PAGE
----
Why am I writing this?

Because of my favourite word; KISS, and my favourite programming language; Hyperlambda. KISS means "Keep It Stupid Simple", and is an axiom I wish more software developers would follow. However, it's like an evolutionary local optimum, where instead of simplifying stuff, they ask themselves how many useless buzzword technologies can I stuff into this project to ensure my CV becomes more valuable?

And I'm quite frankly tired of this way of creating software. Simply for no other reasons, than the fact of that when sh*t hits the fan, and everything breaks down, they hire somebody like me to try to clean up the mess, and of course at that point the only way to salvage the project is to apply SHIFT+DELETE refactoring on it ...

I love this Erik Naggum rant where he goes all in on Perl, so let me rewrite it slightly to become more modern to prove a point ...

The inexperienced developer had one problem. "I know he said, I'll just use SOLID, OOP, and Design Patterns." The inexperienced software developer now has 4 problems ...

Please, do me a favour use Hyperlambda. I'm the guy who'll inevitably at some point have to clean up your mess ... :/

Discussion (7)

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maxfindel profile image
Max F. Findel

Thanks for the article Thomas. I also implemented Stripe in a Rails project recently using the official gem and it was a breeze 👌
I'm curious, what do you think about using Supabase + Stripe instead of Aista? And how about Strapi + Stripe plug-in? I was looking at your product and I find it to be a more enterprise level CMS, CRUD generator and integrator of sorts 🤔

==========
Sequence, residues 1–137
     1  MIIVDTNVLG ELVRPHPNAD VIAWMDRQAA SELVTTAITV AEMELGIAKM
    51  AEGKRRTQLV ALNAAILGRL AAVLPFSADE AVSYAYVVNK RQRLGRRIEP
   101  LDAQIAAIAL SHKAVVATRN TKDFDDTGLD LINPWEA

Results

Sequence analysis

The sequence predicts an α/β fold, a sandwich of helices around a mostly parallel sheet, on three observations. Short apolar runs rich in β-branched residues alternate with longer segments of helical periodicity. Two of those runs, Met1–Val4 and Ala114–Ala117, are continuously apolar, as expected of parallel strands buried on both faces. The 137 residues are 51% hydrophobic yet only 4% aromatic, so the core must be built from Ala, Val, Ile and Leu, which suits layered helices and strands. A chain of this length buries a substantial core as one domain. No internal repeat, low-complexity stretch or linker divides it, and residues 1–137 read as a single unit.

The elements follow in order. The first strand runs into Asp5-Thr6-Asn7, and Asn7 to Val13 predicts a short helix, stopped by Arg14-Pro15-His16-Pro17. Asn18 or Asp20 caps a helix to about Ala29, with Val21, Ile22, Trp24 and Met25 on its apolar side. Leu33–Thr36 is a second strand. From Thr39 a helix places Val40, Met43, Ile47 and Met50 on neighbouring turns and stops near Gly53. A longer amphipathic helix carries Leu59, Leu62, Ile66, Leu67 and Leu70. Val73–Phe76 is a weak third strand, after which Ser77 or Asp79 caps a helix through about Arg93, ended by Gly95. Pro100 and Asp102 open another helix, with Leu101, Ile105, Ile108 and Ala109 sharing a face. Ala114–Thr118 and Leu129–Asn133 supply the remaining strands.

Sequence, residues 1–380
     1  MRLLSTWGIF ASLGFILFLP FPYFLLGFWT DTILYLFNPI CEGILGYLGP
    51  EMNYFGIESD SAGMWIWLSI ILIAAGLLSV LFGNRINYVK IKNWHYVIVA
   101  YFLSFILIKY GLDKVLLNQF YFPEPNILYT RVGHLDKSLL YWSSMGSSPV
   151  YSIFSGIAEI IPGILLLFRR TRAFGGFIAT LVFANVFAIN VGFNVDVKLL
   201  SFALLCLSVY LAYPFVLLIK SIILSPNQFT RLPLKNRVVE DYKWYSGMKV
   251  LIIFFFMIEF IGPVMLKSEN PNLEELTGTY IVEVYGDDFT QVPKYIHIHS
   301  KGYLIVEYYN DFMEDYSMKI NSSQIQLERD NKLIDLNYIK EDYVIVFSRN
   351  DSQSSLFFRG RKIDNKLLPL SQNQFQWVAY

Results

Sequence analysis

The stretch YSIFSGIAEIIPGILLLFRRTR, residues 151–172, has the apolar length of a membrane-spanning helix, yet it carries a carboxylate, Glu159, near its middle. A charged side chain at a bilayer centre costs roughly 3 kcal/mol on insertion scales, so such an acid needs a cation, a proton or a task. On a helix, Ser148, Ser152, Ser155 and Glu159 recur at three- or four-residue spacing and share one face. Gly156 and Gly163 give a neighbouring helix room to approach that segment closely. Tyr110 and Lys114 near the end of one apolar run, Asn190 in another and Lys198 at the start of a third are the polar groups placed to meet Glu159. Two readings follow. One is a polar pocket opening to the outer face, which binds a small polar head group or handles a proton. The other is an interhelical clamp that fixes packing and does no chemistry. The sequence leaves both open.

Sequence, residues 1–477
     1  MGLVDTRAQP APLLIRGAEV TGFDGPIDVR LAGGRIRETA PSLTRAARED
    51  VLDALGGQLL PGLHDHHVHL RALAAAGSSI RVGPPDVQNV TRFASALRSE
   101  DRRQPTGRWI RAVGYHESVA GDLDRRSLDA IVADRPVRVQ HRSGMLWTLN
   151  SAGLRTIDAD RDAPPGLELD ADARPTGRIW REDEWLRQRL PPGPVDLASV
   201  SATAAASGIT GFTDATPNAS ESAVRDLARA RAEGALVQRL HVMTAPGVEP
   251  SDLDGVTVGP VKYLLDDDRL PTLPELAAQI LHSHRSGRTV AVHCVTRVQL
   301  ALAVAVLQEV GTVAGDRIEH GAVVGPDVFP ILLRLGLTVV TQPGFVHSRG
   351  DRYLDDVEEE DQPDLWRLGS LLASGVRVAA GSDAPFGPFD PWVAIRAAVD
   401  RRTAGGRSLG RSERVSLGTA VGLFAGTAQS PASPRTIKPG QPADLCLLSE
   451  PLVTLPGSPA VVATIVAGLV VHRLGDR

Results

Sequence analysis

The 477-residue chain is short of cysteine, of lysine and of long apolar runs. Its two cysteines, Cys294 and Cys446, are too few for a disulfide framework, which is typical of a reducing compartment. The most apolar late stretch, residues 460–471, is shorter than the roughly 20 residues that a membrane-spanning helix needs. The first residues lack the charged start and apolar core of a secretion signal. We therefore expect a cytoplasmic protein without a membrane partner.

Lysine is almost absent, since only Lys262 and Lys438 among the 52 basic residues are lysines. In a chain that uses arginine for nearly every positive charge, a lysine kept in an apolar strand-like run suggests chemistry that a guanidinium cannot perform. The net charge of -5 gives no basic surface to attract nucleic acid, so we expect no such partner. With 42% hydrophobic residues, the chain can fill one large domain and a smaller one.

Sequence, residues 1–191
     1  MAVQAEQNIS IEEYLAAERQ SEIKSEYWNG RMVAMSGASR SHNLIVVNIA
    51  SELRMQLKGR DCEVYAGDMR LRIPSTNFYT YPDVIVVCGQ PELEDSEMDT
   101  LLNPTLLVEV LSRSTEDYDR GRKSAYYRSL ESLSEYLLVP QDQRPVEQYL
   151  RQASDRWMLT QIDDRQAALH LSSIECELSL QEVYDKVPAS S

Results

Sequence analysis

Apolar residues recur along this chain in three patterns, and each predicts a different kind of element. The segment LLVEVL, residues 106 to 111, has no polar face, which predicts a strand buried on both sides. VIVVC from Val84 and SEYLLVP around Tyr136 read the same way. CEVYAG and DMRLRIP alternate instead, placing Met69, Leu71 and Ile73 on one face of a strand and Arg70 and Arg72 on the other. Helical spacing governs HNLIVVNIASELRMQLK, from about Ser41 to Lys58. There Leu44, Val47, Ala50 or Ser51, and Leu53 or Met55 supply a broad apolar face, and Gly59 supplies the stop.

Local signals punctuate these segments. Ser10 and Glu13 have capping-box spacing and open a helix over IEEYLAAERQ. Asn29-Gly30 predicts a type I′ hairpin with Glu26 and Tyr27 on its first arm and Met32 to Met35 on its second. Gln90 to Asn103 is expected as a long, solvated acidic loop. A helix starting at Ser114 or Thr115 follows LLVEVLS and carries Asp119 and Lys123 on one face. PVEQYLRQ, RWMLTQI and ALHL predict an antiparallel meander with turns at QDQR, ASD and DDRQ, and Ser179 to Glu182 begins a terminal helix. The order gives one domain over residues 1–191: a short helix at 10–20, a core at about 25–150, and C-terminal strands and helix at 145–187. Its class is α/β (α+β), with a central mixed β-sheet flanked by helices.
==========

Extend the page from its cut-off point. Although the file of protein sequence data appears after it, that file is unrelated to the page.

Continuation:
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polterguy profile image
Thomas Hansen Author • Edited on

Thank you Max. It depends upon what you're creating. If you're happy with GraphQL and Postgrest, go for SupaBase by all means, if you need more, such as business logic in your backend (to avoid scattering business logic in your frontend - Sigh!) then SupaBase (and others such as Hasura) can't help you much.

I suspect it's about your requirement for "horizontally integrated solutions" that would be the trigger here in the end. As to your observation about Magic being more enterprise level, I'd have to agree upon that ... ;)

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maxfindel profile image
Max F. Findel

Thanks for the answer, Thomas. I think I understand the charm of Aista a bit better now 🙂

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polterguy profile image
Thomas Hansen Author

Psst ... ^_^

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mshafiey profile image
Mohsen

I always think on it , when an algorithm is x - y - y - z , your code also can be x - y - y - z why people emphasis to do it complex ? I love your method Thomas

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mshafiey profile image
Mohsen

I always think on it , when an algorithm is x - y - y - z , your code also can be x - y - y - z why people emphasis to do it complex ? I love your method Thomas.

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polterguy profile image
Thomas Hansen Author

Thank you Mohsen. It's quite sad our profession has turned into a competition of "how to make things complex", when fundamentally it's really quite simple :)